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Title: Development and application of electrochemical scanning probe microscopy techniques for studying interfacial processes
Author: Kinnear, Sophie L.
ISNI:       0000 0004 5915 4741
Awarding Body: University of Warwick
Current Institution: University of Warwick
Date of Award: 2015
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This thesis is concerned with the construction of new electrochemical scanning probe microscopes. Designed to support a wide variety of existing techniques as well as to develop new techniques. This exibility was achieved by basing the equipment around a field programmable gate array card (FPGA), which allows for a software program to be configured on the physical FPGA card as hardware. This technology provides the efficiency and high speed of bespoke hardware and can be reprogrammed like software. The instrumentation was programmed in-house using the graphical programming language, LabVIEW, which allowed for changes and upgrades to be made when necessary. Two branches of projects were studied with the FPGA instrumentation, crystal dissolution and surface charge mapping. For the crystal dissolution studies, dual-barrel conductance micropipettes were used to investigate the dissolution of NaCl and calcite, with microscale spacial resolution. This technique had many advantages over traditional methods. For instance, high temporal resolution in the order of sub-milliseconds was achieved through the employment of in-house built current followers. In addition, fast mass transport inside the pipette allowed the study of surface kinetic processes. The implementation of finite element method simulations complemented the experimental findings, by enabling the quantitative analysis of the data to extract intrinsic dissolution rate constants. The technique is also complemented by atomic force microscopy, which provides an alternative method for analysing the etch pits. The same equipment is used as a scanning ion conductance microscope (SICM) to investigate the surface charge of both conductive and non-conductive surfaces. A double electric layer forms at the solid-liquid interface of a sample that is immersed in electrolyte solution, at low ionic strength the thickness of the double layer increases, which enables its detection via the SICM pipette. The formation of the double layer at the pipette walls induces ion current rectification, at the same time a surface induced rectification arises as the nanopipette approaches the substrate surface. The combination of these results in the creation of an ion perm-selective region, which results in an increase or decrease in current that is proportional to surface charge. Point measurements, maps and CVs of dynamically changing surfaces have been recorded.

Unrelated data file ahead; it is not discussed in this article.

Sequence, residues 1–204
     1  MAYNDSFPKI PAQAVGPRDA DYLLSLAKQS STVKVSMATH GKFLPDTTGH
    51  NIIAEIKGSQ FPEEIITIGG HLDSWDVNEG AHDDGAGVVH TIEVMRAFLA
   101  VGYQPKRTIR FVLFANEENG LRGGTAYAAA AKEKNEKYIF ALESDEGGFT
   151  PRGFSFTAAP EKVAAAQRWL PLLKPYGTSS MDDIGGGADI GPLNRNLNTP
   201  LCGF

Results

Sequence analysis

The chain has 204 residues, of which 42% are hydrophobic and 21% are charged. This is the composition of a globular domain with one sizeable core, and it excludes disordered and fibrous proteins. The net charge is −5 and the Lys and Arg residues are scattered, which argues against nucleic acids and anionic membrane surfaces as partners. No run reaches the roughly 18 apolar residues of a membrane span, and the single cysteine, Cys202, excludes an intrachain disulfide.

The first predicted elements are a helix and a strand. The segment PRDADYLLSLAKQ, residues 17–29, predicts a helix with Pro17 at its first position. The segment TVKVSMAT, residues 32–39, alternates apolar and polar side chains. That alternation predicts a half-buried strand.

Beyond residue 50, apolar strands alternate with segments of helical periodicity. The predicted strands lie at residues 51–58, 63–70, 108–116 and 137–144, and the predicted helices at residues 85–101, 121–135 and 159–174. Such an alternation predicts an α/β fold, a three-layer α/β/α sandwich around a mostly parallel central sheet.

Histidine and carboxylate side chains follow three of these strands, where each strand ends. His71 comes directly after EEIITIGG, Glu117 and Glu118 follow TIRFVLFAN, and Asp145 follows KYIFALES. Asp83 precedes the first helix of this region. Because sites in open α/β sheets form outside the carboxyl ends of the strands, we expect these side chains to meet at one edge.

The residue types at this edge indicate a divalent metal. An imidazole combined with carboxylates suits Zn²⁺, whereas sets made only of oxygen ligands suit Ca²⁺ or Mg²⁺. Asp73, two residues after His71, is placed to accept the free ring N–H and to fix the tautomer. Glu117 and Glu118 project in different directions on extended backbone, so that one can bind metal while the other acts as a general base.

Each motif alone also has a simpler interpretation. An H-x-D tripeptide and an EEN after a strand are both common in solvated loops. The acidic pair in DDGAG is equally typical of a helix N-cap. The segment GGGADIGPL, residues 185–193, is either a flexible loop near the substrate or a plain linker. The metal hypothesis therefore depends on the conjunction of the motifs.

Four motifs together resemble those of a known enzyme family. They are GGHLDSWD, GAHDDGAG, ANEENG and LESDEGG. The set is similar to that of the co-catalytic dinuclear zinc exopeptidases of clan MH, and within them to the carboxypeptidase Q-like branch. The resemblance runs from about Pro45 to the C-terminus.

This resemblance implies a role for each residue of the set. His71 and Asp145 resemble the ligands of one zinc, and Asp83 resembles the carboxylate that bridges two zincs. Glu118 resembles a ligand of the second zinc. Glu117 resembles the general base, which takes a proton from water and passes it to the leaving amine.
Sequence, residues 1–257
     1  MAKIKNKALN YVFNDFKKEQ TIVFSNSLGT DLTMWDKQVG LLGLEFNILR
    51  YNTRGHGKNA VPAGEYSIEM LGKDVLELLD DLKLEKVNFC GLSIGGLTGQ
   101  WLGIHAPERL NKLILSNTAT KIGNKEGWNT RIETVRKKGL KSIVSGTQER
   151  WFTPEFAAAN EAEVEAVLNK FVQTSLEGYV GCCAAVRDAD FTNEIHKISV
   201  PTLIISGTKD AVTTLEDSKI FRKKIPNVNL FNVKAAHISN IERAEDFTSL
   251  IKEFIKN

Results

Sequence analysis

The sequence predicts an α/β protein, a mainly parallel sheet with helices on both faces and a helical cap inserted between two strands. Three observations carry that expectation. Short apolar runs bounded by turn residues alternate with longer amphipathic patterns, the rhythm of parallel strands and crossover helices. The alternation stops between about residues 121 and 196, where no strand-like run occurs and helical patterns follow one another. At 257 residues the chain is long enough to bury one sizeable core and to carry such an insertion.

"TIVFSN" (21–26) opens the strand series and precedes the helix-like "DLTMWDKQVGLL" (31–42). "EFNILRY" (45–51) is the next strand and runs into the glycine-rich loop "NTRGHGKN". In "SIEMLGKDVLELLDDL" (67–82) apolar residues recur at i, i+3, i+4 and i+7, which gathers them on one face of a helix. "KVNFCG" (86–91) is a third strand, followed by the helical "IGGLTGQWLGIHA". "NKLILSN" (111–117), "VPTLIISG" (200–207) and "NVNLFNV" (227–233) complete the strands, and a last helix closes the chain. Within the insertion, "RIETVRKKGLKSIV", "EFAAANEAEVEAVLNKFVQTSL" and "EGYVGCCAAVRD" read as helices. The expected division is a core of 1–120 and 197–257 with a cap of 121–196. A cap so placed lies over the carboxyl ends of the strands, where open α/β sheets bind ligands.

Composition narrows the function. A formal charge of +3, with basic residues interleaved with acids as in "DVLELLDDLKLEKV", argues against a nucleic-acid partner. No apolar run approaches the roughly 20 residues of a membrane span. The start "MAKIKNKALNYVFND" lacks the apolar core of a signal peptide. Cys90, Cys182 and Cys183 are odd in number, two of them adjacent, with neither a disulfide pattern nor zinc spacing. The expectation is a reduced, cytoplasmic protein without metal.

Supervisor: Not available Sponsor: European Research Council
Qualification Name: Thesis (Ph.D.) Qualification Level: Doctoral
EThOS ID:  DOI: Not available
Keywords: QD Chemistry